Giving [Postcoloniality] a Voice

written by Tim Conitz on January 29th of 2020

Perspectives differ with their lenses and laughter
Or rise questions, meaning to silence oneself to listen-with
Space, it takes place, in and with social interaction
Though a territory is not rendered by stability solely ubecause
Knowledge is constituting the hegemonic logic of language
Otherwise this manifestation could not establish dependencies
Looking for essential purity in the politics of translation,
Ordering stereotypical seeing and comprehending the gazes
Naming the unnamable, translating the untranslatable, above
Africa, whatever it might be, affords our ontological allegiance
Life is hybrid and forged in action
Included in political power presentation,
Theory, from what or whom, shaped by multiple temporalities
Ä/Equivalent to the scholar listening in the faculties,
Tuning up the words from absent persons with their own voice.
Global citizenship still requires ID and legitimacy,
Invisible entanglement still is a changeable sphere of relationships whereas
Violence harms presently, albeit reluctantly it refers to unity and identity.
Ideas, in-translatable uttered loudly in a deaf room
Niches to escape the dominance and machinery
Guest(s) in a mind of complex biography
Visibility is realized, although authoritatively coloured,
Occasionally performing intimate pieces of poetry
Incapable to grasp, but to perceive
Community, from immediacy immersing yourself in
Elegant complicity.

Comment by the author:

This poem is inspired by the winter school 2020 “Recalibrating Afrikanistik” which took place in Leipzig from 21th to 30th Janurary. It was created during the final days in order to present a contribution of ideas and thoughts which have been initiated by the divers agenda. I started by gathering the key notes and words I documented every day. Mainly inspired by a task from a creative writing class that I take in parallel, where we were supposed to write an acrostic poem, then I began to write down the word “Postkolonialität” since it was the main framework underlying the winter school debates in conjunction with language. Additionally I added two stanzas with the essential motto, “giving voice (to)”, that I condensed to highlight the central theme for me. I want to mention that I consequently combined buzzwords and lyrical style. I found it hard to compose some lines, which makes them even more interesting and divers in their logical alignment, and therefore enable discussions about their meaning and implications. I think of the poem as partially self-critique and cynical, because of the many conversations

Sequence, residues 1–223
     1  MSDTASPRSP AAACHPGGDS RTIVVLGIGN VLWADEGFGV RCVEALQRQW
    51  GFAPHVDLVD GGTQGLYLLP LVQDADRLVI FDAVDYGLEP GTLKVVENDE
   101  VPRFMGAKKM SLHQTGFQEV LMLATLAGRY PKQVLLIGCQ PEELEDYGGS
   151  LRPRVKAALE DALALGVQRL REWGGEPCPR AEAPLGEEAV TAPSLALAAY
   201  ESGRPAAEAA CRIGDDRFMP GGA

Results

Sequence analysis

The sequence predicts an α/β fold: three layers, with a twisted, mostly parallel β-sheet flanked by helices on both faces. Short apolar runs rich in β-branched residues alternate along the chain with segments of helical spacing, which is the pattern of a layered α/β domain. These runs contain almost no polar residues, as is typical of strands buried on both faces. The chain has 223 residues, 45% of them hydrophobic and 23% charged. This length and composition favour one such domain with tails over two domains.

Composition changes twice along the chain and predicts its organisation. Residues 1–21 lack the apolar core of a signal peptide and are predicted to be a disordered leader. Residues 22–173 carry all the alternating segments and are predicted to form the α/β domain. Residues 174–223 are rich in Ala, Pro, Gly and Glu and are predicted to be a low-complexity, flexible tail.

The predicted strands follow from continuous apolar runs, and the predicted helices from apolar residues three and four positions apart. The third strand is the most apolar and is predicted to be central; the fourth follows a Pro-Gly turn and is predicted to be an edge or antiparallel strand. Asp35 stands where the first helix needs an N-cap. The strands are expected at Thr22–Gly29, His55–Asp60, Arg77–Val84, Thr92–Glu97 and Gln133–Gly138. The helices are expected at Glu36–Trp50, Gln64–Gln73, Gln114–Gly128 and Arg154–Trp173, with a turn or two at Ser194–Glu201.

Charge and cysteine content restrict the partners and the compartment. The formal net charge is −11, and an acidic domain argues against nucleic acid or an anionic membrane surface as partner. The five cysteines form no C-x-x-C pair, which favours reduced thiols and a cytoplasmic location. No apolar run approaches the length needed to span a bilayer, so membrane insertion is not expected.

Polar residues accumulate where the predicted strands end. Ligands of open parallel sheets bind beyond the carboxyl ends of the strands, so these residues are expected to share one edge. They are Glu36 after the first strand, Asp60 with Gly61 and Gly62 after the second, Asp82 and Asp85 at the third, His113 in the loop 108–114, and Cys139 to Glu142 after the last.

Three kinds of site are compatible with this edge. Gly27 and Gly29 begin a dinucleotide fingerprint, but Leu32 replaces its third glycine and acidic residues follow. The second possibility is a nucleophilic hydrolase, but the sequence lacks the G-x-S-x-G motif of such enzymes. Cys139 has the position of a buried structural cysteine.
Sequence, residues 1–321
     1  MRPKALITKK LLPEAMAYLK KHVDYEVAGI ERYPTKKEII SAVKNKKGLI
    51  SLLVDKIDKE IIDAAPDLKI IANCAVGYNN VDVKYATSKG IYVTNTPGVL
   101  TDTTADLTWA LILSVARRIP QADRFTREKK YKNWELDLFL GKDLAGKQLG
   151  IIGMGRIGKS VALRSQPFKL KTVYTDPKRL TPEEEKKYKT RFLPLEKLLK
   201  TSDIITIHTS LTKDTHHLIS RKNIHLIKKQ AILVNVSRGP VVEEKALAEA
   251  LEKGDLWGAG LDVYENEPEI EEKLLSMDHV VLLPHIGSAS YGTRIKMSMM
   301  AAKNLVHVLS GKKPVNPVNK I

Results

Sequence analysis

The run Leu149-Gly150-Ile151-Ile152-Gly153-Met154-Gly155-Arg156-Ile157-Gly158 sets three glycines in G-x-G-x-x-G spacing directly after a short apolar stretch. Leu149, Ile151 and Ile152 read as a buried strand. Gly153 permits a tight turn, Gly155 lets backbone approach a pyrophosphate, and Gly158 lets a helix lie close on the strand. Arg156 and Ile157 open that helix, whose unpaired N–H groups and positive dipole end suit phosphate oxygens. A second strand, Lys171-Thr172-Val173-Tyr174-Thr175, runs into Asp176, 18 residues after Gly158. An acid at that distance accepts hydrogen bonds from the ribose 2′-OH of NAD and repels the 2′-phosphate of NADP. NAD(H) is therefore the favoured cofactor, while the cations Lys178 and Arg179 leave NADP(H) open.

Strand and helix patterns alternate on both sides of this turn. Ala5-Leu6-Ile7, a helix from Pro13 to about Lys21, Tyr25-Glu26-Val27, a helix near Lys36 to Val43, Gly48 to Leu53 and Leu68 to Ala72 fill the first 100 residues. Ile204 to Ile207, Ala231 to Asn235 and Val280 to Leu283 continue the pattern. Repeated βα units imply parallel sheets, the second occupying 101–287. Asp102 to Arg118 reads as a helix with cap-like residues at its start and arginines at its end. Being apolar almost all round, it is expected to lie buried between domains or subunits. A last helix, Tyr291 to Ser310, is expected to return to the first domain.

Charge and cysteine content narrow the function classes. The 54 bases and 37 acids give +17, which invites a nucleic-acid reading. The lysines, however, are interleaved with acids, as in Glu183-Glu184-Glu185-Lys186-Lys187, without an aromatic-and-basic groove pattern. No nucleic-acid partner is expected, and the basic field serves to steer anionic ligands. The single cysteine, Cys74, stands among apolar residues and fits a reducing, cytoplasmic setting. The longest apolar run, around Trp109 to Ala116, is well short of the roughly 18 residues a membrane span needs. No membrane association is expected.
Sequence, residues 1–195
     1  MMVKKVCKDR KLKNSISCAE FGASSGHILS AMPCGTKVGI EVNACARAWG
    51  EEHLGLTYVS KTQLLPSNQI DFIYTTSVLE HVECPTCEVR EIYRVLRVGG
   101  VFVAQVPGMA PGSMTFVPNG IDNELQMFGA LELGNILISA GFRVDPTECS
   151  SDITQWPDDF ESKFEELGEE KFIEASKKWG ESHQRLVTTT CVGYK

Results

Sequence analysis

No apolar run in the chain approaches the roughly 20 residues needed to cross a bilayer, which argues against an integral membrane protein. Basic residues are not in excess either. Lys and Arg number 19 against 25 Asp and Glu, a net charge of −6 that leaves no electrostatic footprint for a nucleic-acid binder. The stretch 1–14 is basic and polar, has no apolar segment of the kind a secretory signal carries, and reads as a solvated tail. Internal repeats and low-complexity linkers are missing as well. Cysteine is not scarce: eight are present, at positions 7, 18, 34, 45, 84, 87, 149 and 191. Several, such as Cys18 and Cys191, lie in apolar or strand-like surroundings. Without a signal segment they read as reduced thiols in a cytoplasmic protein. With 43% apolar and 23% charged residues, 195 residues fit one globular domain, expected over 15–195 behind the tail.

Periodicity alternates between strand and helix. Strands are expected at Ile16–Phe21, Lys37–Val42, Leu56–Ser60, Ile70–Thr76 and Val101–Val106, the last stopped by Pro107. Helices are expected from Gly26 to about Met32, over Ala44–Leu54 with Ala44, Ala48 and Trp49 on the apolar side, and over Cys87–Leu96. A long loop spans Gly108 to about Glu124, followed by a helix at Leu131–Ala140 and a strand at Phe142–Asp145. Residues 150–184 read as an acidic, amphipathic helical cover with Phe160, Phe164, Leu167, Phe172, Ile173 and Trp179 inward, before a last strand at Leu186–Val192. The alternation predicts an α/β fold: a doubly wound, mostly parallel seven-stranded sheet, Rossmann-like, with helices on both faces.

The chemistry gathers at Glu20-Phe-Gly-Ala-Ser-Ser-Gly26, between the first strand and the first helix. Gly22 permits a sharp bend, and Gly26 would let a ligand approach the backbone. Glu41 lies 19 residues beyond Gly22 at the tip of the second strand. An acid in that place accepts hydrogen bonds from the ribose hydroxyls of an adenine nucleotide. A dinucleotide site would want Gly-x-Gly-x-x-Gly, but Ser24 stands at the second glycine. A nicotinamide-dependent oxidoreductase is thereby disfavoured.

we had, and having us sometimes forgetting to listen or simply to be unselfish, then solely become a temporal vocal agent of/for other, marginalized authors. So the last line (elegant complicity) might and ought to be there just to remind me (and you) about how we are/or want/can be part of the discourse and how the criticism voiced by us, probably reproduces and nourishes the problem itself.